This pension file contains 201 pages.  Isaac Lanfear died in 1851, and his widow Rosannah Lanfear applied under the Act of 1871 but it was denied.  She reapplied in 1876, and received the pension in 1879.  Some of the pages in the application are duplicates, so I'm picking the pages that are the most useful.  Some of Isaac Lanfear's records had the surname Lamfear or Lanifear or Landfear, so there was some confusion over the years during the application process.  By the 1850 time, the family was using Lanfear.

Isaac Lanfear (1777-1851) and Rosina (Laun) Lanfear (1781-1881) are probably my 4th great-grandparents, through an unknown child who had Devier James Lanfear (1839-1894) in Jefferson County, New York, perhaps out of wedlock.  Devier Lanfear was adopted by Ranslow and Mary (Bell) Smith of Henderson, Jefferson County, New York, and the Smith family moved to Wisconsin in about 1843.  Devier James Lanfear went by Smith, and had a formal name change from "Lamphier" to "Smith" on 21 March 1866 by an act of the Wisconsin State Senate.  He is named as "my adopted son, Devier J. Lamphear alias Smith" in Ranslow Smith's will dated 1865, probated in Andrew County, Missouri in 1873.


The URL for this post is: https://www.geneamusings.com/2019/06/treasure-chest-tuesday-1878-affidavit.html

Copyright (c) 2019, Randall J. Seaver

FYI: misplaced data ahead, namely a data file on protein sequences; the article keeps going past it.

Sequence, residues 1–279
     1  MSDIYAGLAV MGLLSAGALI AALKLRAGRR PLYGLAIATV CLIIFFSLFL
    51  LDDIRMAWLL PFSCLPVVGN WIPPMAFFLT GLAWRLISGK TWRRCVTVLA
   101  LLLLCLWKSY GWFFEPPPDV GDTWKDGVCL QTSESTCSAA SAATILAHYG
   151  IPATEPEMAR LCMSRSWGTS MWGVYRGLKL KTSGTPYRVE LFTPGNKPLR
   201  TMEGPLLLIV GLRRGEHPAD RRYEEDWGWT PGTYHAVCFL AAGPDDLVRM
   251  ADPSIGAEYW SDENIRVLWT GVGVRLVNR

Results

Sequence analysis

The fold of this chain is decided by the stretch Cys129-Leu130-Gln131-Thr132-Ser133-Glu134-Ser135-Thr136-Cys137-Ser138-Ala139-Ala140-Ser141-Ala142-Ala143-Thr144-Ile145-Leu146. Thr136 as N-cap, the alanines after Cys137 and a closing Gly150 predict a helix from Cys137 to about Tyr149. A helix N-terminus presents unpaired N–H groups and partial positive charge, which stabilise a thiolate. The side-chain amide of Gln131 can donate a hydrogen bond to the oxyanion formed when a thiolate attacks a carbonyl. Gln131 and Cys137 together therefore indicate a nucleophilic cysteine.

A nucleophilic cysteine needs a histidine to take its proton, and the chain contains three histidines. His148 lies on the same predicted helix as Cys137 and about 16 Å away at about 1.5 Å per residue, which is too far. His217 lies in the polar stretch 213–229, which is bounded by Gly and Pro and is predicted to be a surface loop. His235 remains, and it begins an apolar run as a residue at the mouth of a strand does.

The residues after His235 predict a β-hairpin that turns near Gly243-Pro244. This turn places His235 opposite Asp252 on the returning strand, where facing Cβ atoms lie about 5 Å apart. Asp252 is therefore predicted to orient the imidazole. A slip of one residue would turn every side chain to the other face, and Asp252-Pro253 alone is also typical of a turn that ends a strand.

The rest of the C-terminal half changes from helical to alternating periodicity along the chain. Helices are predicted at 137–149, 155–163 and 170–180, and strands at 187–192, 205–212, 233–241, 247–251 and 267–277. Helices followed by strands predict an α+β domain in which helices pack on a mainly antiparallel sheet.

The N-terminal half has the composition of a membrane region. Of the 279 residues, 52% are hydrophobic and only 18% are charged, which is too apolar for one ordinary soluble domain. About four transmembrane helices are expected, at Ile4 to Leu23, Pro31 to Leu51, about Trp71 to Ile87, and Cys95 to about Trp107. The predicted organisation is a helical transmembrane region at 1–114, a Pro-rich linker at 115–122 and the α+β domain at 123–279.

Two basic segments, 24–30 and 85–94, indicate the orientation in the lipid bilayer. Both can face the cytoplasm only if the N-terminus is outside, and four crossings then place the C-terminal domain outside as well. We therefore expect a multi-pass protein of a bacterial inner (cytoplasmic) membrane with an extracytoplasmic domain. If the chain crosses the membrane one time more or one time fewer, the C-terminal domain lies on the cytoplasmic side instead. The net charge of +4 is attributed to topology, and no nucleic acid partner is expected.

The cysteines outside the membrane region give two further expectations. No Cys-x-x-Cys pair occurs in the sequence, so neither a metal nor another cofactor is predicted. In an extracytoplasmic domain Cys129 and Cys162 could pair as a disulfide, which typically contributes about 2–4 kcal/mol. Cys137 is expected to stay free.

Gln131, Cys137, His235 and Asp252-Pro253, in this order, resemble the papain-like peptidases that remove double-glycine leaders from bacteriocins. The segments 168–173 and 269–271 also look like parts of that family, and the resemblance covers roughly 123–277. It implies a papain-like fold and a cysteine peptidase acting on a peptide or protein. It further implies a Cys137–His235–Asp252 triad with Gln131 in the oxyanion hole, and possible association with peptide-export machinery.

Please comment on this post on the website by clicking the URL above and then the "Comments" link at the bottom of each post.  Share it on Twitter, Facebook, or Pinterest using the icons below.  Or contact me by email at randy.seaver@gmail.com.

Monday, June 17, 2019

Monday Genea-Pourri - 17 June 2019

Here are the highlights of my family history and genealogy related activities over the past week:

1)  Moderated the Chula Vista Genealogical Society Research Group meeting on Wednesday, with 11 in attendance.  I discussed the CVGS member survey, and reported on the SCGS Genealogy Jamboree, which had 10 CVGS members attending, and that there will be no Jamboree in 2020.   The attendees described their activities over the last month.

2)  Participated in the Mondays With Myrt webinar today.  Pat discussed her experiences in Norway and at THE Genealogy Show, I talked about Jamboree, Melissa had a vacation to Fort Worth and visited the Archives there, the group discussed mobile apps for traveling, and the Bettinger article in Family Tree Magazine.